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Six Days in Havana
Synopses & Reviews
James A. Michener, one of the most celebrated writers of our time, has an extraordinary talent for finding the essence of a place. His books give readers an unmistakable you are there feeling, whether set in the South Seas, Alaska, Afghanistan, or Poland. Six Days in Havana has the same immediacy, providing the first glimpses of a city that has been terra incognita to most North Americans for thirty years.
With his associate, John Kings, Michener visited Havana during research for a novel on the Caribbean. He was only looking for a house and a sugar plantation in which to set the Cuban portion of his story, but he found much more to excite his interest. Fascinated initially by the spectacle of once-grand public buildings and ornate mansions slowly falling into ruin, Michener and Kings set out to explore all of Havana that they could see in six days.
John Kings' evocative photographs and James Michener's insightful text record their impressions of Havana thirty years after the Revolution. The words and pictures beautifully complement each other, offering views of a city that many North Americans may never otherwise see. Michener and Kings visited residential districts, the downtown business and govemment zone, the old city, churches, museums, a distillery, coffee and sugar plantations in the outlying areas, LaVigia, the former home of Emest Hemingway and the fishing village Cojima, the setting for Hemingway's The Old Man and the Sea. They talked with about two hundrcd Cubans--laborers, offfice workers, Catholic religious, diplomats, and joumalists. Michener even held a no-holds-barred press conference for Cuban and foreign journalists.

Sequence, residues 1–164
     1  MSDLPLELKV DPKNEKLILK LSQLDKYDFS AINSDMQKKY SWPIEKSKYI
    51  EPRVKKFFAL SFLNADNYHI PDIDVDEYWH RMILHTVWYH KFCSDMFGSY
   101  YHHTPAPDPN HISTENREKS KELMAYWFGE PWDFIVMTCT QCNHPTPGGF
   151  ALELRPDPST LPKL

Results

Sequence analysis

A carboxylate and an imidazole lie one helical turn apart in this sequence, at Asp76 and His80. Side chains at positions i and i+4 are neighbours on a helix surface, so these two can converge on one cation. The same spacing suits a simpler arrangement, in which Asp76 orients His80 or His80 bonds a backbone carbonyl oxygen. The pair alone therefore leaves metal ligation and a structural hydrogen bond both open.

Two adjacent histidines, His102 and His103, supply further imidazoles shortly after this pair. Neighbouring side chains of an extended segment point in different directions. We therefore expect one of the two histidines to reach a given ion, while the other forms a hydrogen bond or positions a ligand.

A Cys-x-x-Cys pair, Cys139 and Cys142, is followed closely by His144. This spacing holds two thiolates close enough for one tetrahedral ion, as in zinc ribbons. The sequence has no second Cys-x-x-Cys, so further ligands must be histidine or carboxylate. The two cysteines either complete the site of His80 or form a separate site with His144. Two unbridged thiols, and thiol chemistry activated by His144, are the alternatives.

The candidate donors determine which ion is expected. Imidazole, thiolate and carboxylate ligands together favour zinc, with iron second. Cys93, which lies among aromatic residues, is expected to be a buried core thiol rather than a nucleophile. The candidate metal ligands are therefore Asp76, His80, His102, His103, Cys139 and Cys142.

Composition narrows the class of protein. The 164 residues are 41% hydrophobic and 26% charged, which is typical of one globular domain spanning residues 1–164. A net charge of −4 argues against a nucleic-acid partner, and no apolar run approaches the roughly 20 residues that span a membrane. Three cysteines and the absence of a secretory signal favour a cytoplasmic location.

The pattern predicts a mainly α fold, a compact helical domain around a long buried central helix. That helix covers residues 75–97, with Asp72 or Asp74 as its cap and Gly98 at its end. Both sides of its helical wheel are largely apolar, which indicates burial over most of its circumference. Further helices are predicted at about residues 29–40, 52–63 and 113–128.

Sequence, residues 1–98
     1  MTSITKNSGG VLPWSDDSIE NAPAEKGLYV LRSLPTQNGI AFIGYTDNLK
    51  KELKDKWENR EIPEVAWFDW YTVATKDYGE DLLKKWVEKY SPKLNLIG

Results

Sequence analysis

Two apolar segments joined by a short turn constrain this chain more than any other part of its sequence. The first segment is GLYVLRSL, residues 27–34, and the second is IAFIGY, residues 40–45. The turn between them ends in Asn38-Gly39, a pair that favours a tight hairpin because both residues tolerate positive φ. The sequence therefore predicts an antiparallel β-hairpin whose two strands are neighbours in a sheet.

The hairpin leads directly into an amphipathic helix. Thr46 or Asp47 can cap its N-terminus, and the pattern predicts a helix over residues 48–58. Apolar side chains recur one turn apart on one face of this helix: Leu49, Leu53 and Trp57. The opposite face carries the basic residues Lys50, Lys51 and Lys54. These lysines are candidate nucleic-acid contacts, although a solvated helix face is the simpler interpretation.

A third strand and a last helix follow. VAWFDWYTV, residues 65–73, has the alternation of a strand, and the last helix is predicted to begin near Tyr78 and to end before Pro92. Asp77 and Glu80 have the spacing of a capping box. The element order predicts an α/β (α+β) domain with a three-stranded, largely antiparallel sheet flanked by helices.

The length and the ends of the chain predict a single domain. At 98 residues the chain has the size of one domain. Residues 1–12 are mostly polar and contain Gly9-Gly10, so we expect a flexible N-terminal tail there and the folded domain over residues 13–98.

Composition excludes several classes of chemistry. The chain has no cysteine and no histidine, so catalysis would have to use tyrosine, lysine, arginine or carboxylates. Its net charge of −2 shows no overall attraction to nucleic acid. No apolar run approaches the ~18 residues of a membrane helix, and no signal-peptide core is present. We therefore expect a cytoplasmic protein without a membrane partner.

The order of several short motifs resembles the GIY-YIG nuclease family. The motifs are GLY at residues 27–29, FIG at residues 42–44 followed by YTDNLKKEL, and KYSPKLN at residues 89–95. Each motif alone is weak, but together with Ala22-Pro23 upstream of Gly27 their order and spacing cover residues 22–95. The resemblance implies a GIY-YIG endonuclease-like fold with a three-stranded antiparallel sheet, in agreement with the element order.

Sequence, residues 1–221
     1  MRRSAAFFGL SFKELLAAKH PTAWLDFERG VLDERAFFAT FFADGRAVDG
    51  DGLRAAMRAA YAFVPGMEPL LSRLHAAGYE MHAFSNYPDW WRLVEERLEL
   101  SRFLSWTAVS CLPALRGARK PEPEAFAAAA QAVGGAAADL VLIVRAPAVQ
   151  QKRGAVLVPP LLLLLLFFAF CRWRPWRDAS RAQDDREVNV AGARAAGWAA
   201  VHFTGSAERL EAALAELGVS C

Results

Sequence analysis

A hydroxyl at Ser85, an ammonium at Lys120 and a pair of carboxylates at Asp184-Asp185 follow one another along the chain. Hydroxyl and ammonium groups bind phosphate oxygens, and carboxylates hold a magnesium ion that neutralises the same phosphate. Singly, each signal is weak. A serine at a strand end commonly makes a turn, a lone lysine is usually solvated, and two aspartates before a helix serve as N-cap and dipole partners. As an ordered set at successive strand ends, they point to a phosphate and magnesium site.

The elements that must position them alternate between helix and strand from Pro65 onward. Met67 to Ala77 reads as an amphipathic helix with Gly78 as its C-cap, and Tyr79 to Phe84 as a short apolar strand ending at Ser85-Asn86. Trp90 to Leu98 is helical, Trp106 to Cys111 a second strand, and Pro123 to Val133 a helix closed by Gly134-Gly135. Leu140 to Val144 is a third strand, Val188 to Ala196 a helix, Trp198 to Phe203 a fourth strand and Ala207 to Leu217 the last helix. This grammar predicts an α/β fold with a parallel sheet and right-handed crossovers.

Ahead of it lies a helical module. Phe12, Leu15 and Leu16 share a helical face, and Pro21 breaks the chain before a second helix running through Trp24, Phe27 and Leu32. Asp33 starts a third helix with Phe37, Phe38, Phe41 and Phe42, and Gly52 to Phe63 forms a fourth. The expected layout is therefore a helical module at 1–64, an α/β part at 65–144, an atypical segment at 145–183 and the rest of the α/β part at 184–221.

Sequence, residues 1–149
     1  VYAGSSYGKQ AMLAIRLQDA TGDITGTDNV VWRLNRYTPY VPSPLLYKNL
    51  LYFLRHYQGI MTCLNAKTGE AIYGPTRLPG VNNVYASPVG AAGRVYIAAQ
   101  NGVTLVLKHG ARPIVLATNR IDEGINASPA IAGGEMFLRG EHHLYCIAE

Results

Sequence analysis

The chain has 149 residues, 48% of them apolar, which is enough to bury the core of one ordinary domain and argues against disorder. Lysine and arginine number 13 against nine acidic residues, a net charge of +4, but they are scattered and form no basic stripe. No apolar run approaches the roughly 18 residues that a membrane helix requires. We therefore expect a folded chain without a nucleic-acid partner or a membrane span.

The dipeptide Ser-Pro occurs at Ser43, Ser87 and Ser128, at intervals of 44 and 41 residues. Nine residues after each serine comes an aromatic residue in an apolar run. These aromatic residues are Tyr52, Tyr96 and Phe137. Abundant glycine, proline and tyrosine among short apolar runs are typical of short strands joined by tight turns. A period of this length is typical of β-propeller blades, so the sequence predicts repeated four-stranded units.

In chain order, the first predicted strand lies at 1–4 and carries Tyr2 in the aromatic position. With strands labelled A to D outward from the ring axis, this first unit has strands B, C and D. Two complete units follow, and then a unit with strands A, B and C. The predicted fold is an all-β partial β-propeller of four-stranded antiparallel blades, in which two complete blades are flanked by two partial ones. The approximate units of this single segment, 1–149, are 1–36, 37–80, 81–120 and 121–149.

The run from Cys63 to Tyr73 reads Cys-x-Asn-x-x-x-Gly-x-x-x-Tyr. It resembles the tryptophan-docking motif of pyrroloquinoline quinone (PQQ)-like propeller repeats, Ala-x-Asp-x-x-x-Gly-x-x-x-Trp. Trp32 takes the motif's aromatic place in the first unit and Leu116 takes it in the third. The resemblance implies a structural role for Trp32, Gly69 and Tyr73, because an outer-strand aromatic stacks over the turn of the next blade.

This is firsthand reporting of thefinest kind. Michener's impressions of modern Havana open a unique window on a country that is so close and yet so inaccessible to most U.S. citizens.
When James Michener visited Havana with his associate John Kings, he was only researching Cuba for a new novel on the Caribbean, but he found much more to excite his interest. Michener's insightful text and Kings's evocative photographs record their impressions of Havana thirty years after the Revolution.
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